The devastating ‘Brexit’ of Team GB Women’s Football from the Rio Olympics

fara williams


With England’s men’s team crashing out to minnows Iceland this time last week in the European Championships, maybe having no Team GB Men’s football team in Rio later this summer may have been a blessing in disguise. However, it is a year to the day (4th July) when Fara Williams’ penalty for England’s Lionesses in extra-time brought them the bronze medal against female footballing superpower, Germany.


So what impact does no Team GB Women’s Football have at this year’s Rio Olympics?


England’s historic third place would have secured an automatic qualification to this year’s Olympics.  Even if just England wanted to play under the Great Britain name, this would have to be done with all the other nations agreeing to it. Just to add further fuel to the fire, there was a knockout competition to decide who would take up that remaining place. Sweden took the coveted spot, when they exited the World Cup much earlier, in the Round of 16.


With many of the home nation teams also having recruits who play in the WSL, this could be speculated to help rather than hinder team cohesion. Having a professional league which hosts a majority of home-grown talent has to be an advantage when coming into a competition. Moreover, having stars who play in America such as Kim Little (Scotland & Seattle Reign) and Jess Fishlock (Wales & Seattle Reign), there could be an argument Team GB could have gone even further than bronze. And therefore go even further in the nation’s hearts. Whilst it is a shame for the successful Lionesses, it also means it denies those who have had limited major tournament experience. National teams argued that their respective football associations would suffer. Instead the suffering is being transferred to coaches and players alike.


We have to remember that just four years ago, Wembley was filled with over 70,000 people as Great Britain for the first time entered a women’s football team. They triumphed that day over this year’s Olympic hosts Brazil 1-0. That has arguably been a springboard ever since, with girls and women inspired across the country to get involved in all areas of football.


womens GB football team


The Women’s Super League, the professional league in England, is now in its fifth season. Crowds are slowly building, and with two very competitive and unpredictable leagues, one would think sense would prevail. It is very different for their male counterparts, with the vast majority of players having to be Under-23. With men having a much larger, obvious media presence, it is much more imperative women’s football and their respective authorities take all the opportunities that come their way.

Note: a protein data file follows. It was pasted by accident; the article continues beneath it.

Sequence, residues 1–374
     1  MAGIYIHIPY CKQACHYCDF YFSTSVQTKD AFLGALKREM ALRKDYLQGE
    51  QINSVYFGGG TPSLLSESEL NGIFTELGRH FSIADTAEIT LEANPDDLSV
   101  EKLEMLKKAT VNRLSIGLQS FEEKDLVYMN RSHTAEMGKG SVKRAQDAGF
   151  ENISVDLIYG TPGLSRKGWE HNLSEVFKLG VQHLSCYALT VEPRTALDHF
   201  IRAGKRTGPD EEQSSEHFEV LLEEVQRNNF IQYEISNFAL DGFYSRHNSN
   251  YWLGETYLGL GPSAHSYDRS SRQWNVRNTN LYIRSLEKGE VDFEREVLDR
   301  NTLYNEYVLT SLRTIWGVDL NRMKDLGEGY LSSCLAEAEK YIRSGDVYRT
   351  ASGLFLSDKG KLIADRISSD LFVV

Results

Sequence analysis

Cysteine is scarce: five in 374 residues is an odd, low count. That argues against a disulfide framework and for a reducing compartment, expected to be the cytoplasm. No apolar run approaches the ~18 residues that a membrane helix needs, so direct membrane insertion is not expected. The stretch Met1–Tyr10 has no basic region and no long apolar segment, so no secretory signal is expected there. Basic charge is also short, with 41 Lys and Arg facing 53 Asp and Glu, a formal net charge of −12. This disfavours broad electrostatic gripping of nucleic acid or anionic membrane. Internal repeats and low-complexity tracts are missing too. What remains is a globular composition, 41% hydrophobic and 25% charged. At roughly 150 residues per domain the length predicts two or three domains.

For those coaching, it could have been an extra opportunity to get experience on a larger stage, to try their luck at mixing different players from different nations, and showcasing to the world what Great Britain women’s football still has to offer. It gives rise to the new players coming through and those nearly at the end of their careers a chance for more silverware, and in terms of international teams. The more frequent this happens, the more team spirit amongst the players and those that they work with, so that the Olympics becomes a permanent fixture in the women’s football calendar for British girls. Personally, what inspired me as a coach was just how proud Mark Sampson was of his team and their progress in the World Cup last year. Whilst there are plenty of female coaches on show at this year’s Olympics to look at, for me nothing can quite compete with dissecting your own nation’s performances on the world stage.


There are reports that there will be a women’s team in 2020 in Tokyo but is that not 4 years too late? The women who inspired a nation, will now be sat from home watching the world’s best, thinking that could have been them. In what is arguably one of the football capitals of the world, Britain’s female footballing elite will sadly be absent.



emilyBio: Emily Hassall is an English Durham University (UK) History Student as well as a football / soccer player who has played left wing for 13 years.  Emily has been a Level 1 coach for the last 4 seasons and helped build a girls setup at Woodkirk Valley FC, a club in Leeds (UK).  It started with just 8 girls and now has over 50 across four age groups!  Emily has also been a referee for 5 seasons, she is an avid Manchester United fan and a keen watcher of all things women’s football.



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